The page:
Lucky for SCOV, and unlucky for the plaintiffs and the Town, there is a SCOTUS case on point. In Jones v. Flowers the State of Florida had sent notice to the delinquent taxpayer’s house that was returned unclaimed. Different from the facts here, the defendant did not live there but his ex-wife did. SCOTUS acknowledged that, yes, the typical “reasonably calculated” standard applied. But, having a return-receipt-requested mailing returned unclaimed heightened that standard for the State. “[O]nce the government learns that its attempt at notice has failed, it must take the kind of reasonable steps that someone ‘desirous of actually informing’ the property owner would take.” Who exactly is someone “desirous of actually informing” the property owner? I'm not sure, but in this context I guess it would mean someone who really does not want the tax sale thrown out on appeal. Plaintiffs attempt to distinguish Flowers because, here, the defendant still resided at the property and defendant had received notices of attempted deliveries. SCOV, however, thinks that the defendant’s attempt at the ostrich defense is not important (“Whether taxpayer disregarded the notices is not the issue”). Instead, the Town’s notice of unclaimed mail should have put them on notice that additional efforts were necessary.

Interestingly, SCOV moves on to the next issue presented without any discussion whether the posting in the local newspaper on in Town office’s were sufficient under the circumstances. I guess it goes without saying they are not. But the defendant hasn’t won yet. The buyers and the Town next argue that notice of the defendant’s right to redeem within one year after the tax sale is enough to make up for prior due-process deficiencies. Basically, no harm no foul. 

If the defendant received adequate notice before the transfer of title, but after the tax sale, there is still due process before the actual deprivation of property. This seems like a pretty plausible argument at first blush. After all, even if unaware of the tax sale, the defendant still has an entire year to redeem and ultimately keep the property. To support this argument, plaintiffs cite a prior SCOV case that held that a town may keep proceeds of a tax sale pending redemption because there is no transfer of property until the end of the one-year redemption period. Plus, to throw in some equity-esqe language, plaintiffs cited an Arkansas Court of Appeals case that held that “nobody’s position changes with respect to the property until the remaining redemption period expires.”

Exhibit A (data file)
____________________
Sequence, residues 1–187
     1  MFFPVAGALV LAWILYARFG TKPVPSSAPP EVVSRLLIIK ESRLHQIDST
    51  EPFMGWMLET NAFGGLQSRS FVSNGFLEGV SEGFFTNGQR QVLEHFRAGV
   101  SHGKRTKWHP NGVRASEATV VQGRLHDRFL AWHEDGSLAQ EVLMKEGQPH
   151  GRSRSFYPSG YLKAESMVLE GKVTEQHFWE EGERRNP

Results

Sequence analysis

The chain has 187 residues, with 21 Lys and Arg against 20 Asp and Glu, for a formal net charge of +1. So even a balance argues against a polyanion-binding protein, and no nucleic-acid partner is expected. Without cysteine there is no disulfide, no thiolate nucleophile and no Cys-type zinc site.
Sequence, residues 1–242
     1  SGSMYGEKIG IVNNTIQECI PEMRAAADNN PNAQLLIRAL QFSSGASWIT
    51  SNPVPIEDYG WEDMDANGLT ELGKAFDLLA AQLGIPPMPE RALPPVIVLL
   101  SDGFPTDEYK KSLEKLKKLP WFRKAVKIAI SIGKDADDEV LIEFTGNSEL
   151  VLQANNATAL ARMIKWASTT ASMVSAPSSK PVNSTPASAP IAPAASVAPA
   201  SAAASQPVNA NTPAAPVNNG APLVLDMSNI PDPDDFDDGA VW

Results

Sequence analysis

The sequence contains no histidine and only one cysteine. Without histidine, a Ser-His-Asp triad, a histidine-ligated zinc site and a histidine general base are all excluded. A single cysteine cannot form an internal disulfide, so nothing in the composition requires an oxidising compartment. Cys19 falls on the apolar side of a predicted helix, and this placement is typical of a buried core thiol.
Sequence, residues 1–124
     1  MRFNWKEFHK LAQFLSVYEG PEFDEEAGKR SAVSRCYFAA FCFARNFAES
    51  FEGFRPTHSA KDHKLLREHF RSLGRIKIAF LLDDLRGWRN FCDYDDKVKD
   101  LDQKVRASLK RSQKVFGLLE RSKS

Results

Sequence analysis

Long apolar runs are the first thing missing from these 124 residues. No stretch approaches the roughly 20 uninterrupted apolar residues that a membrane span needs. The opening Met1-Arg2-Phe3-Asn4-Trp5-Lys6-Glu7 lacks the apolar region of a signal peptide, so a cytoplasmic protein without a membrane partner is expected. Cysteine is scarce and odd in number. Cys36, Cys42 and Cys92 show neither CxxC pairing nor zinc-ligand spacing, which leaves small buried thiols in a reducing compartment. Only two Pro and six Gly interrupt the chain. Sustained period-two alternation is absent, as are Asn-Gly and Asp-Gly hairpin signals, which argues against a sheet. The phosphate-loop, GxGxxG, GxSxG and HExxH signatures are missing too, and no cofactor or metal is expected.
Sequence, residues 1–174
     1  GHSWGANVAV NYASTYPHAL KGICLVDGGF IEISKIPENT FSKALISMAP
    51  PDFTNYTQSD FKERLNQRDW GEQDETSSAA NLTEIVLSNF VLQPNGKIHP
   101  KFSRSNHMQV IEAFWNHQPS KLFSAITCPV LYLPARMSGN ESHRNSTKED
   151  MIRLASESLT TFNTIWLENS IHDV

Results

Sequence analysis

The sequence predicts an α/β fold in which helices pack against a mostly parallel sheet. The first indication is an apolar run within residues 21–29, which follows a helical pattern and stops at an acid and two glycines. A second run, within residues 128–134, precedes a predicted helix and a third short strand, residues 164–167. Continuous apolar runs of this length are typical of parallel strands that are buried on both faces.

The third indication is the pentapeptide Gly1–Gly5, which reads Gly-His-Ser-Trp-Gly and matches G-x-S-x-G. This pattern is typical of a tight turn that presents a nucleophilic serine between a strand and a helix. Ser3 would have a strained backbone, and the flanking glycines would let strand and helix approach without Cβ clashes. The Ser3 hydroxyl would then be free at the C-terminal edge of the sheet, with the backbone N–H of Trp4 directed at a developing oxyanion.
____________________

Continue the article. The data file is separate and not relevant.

SCOV looks at this language from the Arkansas case and says, good point: a deprivation would require some detrimental change in position. Here, many aspects of the sale pointed in the plaintiffs' favor because they arose before the sale: interest began accruing before the sale, and the tax collector’s authority to levy fees—including attorney’s fees—began to run when the warrant for delinquent taxes was filed, before the sale. SCOV, however, finds one important aspect that does change. Before the sale, interest accrues at one percent on just the delinquent amount itself. But after the sale, this one percent accrues on the entire sum, which includes the delinquency plus other costs such as collector and attorney’s fess. Thus, we have a deprivation of property at the time of sale, and thus due process was required before the sale. Plaintiffs' arguments fail, the trial court is affirmed, and the delinquent taxpayer survives with his property title still in hand.

SCOV provides a helpful endnote on one lingering question: how many hoops should the Town have jumped through to satisfy due process in this case? SCOV gives no bright line of course, but suggests “re-sending notice by regular mail, posting notice on the taxpayer’s front door, or addressing otherwise undeliverable mail to ‘occupant.’” Or, just old-fashioned service by sheriff. These suggestions are confined to the facts of this particular case, however, as SCOV notes that the Town’s burden to take these additional steps was “slight” given it still had two weeks after the mail was returned unclaimed. Still, town and municipal attorneys will, in all likelihood, follow these suggestions in an abundance of caution.

In a final nod to property-rights enthusiasts, SCOV at the end the decision emphasized, “when we are talking about divesting an individual of property, and in some cases home and hearth, the form and adequacy of the notice is not a trivial concern.”

No comments:

Post a Comment